EA faculty and staff had the pleasure of learning and working with Dr. Eric Mazur, Harvard University’s Balkanski Professor of Physics and Academic Dean of Applied Sciences and Engineering and a renowned educational innovator, during a professional development day on Friday, March 24.
Center for Teaching and Learning
By fostering community collaboration, offering tailored support, and encouraging sustained growth in teaching, The Episcopal Academy Center for Teaching and Learning seeks to provide teachers with the foundation to maximize every opportunity for students to learn.
Since 2017, The Episcopal Academy Center for Teaching and Learning (CTL) has provided EA teachers with personalized support to spark collaboration and inspire innovation in the classroom. The CTL delivers on-campus, on-demand professional development, powered by the CTL team’s meticulous research of the latest educational methods and tools.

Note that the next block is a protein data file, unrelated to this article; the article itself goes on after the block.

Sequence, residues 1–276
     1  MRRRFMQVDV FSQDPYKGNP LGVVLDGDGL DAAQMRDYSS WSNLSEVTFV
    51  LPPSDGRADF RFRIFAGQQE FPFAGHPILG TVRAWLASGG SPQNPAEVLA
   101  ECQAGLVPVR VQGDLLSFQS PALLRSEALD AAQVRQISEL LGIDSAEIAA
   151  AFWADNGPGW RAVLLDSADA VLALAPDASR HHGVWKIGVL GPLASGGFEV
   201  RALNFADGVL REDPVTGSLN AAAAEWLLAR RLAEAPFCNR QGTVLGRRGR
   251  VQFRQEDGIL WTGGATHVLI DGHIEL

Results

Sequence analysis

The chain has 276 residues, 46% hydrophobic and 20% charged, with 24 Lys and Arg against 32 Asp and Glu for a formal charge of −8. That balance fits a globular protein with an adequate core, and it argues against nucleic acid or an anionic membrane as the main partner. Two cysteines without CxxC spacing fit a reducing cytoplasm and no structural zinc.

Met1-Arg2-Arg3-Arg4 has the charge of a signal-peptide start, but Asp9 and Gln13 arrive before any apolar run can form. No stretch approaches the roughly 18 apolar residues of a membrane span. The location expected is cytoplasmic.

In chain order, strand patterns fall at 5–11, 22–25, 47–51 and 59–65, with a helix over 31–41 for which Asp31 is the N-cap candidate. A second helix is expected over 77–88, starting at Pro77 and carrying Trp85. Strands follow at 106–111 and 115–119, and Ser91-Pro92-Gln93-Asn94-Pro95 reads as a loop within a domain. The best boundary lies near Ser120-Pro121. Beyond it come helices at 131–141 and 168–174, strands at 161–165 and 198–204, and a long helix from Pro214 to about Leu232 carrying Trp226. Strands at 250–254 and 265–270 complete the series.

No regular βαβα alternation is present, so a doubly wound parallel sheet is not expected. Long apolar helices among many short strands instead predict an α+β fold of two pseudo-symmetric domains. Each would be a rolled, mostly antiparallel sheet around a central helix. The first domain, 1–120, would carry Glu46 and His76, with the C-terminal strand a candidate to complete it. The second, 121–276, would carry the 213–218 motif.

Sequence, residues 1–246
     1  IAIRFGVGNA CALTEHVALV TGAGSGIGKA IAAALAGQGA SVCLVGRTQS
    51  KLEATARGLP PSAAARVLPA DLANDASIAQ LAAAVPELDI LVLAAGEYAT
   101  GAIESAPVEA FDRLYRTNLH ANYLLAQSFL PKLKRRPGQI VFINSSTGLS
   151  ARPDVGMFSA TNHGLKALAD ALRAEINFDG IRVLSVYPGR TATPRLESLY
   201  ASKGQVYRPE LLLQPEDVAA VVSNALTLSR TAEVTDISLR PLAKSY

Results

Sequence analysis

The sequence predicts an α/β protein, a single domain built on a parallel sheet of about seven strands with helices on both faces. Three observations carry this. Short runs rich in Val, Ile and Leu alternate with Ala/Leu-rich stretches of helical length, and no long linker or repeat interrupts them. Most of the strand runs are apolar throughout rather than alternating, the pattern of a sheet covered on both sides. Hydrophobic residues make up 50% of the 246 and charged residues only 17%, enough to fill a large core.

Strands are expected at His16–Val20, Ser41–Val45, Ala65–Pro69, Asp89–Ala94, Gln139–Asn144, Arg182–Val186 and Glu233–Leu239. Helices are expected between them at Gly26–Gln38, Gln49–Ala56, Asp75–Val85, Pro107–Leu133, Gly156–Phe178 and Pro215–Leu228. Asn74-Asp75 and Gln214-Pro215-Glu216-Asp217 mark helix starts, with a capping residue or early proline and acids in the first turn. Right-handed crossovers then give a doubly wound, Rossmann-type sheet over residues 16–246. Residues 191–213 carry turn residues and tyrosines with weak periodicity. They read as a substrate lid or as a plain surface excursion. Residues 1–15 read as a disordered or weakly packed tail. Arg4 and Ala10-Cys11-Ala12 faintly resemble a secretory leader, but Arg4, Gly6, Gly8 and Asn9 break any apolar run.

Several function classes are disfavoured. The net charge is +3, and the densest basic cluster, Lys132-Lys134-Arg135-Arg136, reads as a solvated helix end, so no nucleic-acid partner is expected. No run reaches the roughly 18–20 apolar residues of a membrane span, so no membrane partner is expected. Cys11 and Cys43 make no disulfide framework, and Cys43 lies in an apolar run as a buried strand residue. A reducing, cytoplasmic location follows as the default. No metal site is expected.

The ever-expanding list of CTL programming includes personalized one-on-one instructional coaching, on-campus workshops and seminars, visits from thought leaders in education, an educational resource library, professional reading groups, and regular updates on research.
The CTL’s support is a critical component in both ensuring the best educational experience for EA students, and helping to foster EA’s culture of continuous improvement, collaboration, teamwork, and camaraderie among faculty.
Transforming Teaching Summer Collaborative
July 19-20, 2023 at The Episcopal Academy | Free to Attend
TTSC is a unique opportunity for leaders of teaching and learning to come together to think deeply about the year ahead of them and plan proactively to lead instruction and guide change in their schools. Designed to maximize the power of collaboration, the TTSC goal is to provide each attendee with a retreat for their professional mind - a place to come to be inspired, share stories of what works in schools, and leave feeling a renewed sense of purpose and energy for the year to come.
"Reflecting on lockdown teaching, I was struck that while it is essentially no one's preferred mode of operation, asynchronous instruction does have its advantages," explained Upper School Science Teacher Dan Baxter.